#6 Carleton has had an up and down year on the field. They lost to both Northeastern and #19 Colorado at Queen City, but rolled that same Colorado squad 15-8 at Northwest Challenge. Syzygy could be rounding into form, playing very well at Regionals and have plenty of momentum going into the familiar setting of the Championships.
Colorado Kali is perhaps one of the country’s most talented teams and a capable bottom seed, but are scuffling late in the year. They were foiled at Northwest Challenge, crumpling in all of their losses, and dropped two surprise games at Regionals. Colorado barely got in, after missing the cut last year, and won’t want to waste it.
Pool D: Washington, UC-Santa Barbara, Whitman, UCLA, Cornell
#4 Washington Element brings a talented and veteran crew to Cincinnati, eyeing a title, but won’t have an easy journey. They’ve struggled against elite competition, and #5 UC-Santa Barbara offers a potentially elite pool two seed. However, Element has been performing at a high level in the series and looks to be peaking.
UCSB has made it very clear that they are willing to ride their stars to success. With a shallow rotation, the two games a day format could benefit them as much as anyone. The Burning Skirts can go toe to toe with anybody in any given game, but have also been prone to lapses in intensity and game intelligence. They’ve already beaten #9 Whitman and #16 UCLA.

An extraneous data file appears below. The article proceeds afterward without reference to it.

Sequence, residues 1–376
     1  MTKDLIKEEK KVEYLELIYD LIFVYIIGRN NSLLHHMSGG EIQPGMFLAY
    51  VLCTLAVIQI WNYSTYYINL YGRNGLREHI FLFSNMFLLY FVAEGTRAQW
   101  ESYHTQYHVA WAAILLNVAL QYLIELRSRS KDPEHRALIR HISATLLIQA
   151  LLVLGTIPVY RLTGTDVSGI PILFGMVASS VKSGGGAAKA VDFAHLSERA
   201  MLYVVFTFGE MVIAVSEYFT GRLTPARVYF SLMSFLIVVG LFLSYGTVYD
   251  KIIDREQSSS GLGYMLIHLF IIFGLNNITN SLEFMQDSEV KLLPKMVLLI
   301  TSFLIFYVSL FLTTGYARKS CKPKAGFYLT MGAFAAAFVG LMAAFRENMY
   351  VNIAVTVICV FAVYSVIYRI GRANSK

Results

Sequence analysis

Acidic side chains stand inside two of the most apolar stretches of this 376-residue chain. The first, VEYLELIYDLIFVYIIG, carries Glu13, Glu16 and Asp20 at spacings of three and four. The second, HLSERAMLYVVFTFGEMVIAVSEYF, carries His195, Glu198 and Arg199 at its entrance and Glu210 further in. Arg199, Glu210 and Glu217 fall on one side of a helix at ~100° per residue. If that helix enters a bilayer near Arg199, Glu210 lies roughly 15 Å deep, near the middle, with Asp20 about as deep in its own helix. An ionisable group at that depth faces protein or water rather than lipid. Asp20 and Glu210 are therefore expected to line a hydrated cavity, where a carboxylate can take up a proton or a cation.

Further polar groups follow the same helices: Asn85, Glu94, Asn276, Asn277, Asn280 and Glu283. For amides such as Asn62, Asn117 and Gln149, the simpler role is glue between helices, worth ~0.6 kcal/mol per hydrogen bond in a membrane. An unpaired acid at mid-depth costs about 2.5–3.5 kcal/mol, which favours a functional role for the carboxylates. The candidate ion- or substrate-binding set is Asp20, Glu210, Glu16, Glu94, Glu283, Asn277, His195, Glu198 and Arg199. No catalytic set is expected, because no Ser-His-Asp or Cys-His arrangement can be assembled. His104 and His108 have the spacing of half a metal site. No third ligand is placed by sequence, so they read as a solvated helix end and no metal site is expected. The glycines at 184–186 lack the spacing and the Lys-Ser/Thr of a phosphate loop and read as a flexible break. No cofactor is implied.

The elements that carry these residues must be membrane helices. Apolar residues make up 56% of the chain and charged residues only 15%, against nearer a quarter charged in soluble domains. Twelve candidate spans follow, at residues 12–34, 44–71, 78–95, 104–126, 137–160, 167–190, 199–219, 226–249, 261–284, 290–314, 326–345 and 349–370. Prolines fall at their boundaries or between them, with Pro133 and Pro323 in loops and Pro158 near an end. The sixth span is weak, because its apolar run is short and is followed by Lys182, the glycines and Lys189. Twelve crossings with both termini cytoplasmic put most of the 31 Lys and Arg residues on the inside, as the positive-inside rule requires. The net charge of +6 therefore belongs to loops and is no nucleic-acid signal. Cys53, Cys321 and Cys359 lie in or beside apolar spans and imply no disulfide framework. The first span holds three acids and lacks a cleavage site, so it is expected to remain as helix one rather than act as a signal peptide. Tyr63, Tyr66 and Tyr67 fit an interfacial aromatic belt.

Whitman returns to nationals a much more threatening team than the pool five seed they were last season. They have a crucial win over Washington, but the circumstances make that win worth less than face value; UW crushed Whitman at Regionals. The Lady Sweets are familiar with UCSB (a Pres Day loss) and UCLA (a NW Challenge win).
UCLA’s struggles against the field are documented (in this article, no less), but their schedule has been incredibly difficult. They dropped a single game at Regionals and controlled all of their other games. BLU will be well prepared for the rigors of nationals, but have failed to make a dent against the quality of team they’ll face there.
#20 Cornell has little experience against this level of competition, but have some good wins this season and have strong leadership. The teams seeded above them have suffered some surprise losses this year and may open the door for Cornell to pull an upset.